Our History

Our History

“Hugo’s all right! This makes me feel a whole lot younger. It’s like old times. I’d just like to drop off here and get up and ride the line for a day or two with you boys!”
~ President T. Roosevelt, Hugo, CO, 1903
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Prior to 1859 the site of Hugo was inhabited primarily by Native Americans and buffalo. The discovery of gold in the Colorado mountains brought large cattle ranching operations to this area to help supply meat to miners, stagecoach services to provide transportation, and kept the stage stop where the Lincoln County Fairgrounds are now.

In 1870 the Kansas-Pacific Railroad came through, and a small town grew up around the K-P watering stop. In 1889 Hugo became the county seat of government for the newly created Lincoln County, and twenty years later the town was incorporated.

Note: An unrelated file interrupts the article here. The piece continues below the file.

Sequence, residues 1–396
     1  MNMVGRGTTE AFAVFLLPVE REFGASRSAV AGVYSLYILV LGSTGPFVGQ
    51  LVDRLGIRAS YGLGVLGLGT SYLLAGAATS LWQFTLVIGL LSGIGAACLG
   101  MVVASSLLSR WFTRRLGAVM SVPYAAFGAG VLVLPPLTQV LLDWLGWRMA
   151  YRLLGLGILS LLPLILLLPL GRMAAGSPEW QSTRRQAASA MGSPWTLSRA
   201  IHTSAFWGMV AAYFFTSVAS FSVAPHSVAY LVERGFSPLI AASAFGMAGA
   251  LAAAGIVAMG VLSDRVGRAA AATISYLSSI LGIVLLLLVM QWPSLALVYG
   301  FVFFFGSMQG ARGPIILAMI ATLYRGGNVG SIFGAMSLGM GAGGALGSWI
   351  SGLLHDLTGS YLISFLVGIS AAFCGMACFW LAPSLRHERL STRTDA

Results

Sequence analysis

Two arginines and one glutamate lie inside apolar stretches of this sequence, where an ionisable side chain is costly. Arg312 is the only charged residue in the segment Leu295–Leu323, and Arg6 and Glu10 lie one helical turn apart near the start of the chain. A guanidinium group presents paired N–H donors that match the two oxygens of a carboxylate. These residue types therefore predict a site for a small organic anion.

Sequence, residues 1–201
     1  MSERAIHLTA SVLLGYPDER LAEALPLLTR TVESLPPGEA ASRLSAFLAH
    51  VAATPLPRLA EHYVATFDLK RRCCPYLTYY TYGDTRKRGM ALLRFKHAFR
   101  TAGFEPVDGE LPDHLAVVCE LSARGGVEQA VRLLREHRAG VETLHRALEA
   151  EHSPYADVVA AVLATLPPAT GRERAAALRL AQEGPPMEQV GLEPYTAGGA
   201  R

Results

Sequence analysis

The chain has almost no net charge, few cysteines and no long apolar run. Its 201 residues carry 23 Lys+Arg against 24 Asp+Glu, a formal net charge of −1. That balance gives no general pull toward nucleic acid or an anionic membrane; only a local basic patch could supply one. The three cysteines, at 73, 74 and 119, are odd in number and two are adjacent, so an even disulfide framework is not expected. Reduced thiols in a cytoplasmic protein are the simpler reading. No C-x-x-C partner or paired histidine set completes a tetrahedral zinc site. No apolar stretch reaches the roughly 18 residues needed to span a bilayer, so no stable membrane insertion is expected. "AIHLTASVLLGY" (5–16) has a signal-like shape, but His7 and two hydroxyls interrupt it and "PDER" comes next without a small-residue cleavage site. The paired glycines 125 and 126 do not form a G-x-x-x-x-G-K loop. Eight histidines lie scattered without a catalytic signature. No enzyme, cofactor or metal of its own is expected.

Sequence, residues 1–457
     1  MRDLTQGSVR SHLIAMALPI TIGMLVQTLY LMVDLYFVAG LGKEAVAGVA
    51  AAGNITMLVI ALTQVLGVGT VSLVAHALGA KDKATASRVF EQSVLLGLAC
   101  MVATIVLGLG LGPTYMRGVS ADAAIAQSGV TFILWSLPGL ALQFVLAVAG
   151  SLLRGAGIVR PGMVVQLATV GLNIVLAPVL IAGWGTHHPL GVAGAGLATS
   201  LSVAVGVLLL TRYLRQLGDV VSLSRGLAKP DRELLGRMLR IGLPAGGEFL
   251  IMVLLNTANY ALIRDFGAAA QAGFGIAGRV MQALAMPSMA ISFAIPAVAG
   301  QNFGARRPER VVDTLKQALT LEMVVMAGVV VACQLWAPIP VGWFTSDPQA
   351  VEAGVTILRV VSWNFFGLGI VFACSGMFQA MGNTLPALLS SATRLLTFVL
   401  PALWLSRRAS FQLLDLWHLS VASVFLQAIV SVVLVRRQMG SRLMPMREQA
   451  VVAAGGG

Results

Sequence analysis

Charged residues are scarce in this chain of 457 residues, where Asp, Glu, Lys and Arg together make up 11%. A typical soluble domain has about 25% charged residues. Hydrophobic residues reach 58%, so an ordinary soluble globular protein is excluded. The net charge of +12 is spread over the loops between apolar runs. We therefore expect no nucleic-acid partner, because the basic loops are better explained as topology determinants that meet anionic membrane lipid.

For many years the railroad and ranches provided the support for the town, but President Theodore Roosevelt’s famous breakfast with the cowboys at Hugo in 1903 effectively marked the end of the day of the cowboy and the beginning of the day of the farmer. Changes in homestead laws caused a flood of farmers to move here and dryland wheat became important to Hugo’s economy. Since the 1920’s the railroad payroll in Hugo has became negligible, and although the area’s large farms and ranches support fewer families, agriculture continues as the financial backbone of the town.

Founded in 1870
Incorporated in 1909
Population (2000 Census) is 885
Estimated Population (2012) is 800
Elevation is 5039′

Sponsored by the Hugo Improvement Partnership (HIP)

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Lincoln County Sheriff: 719-743-2426
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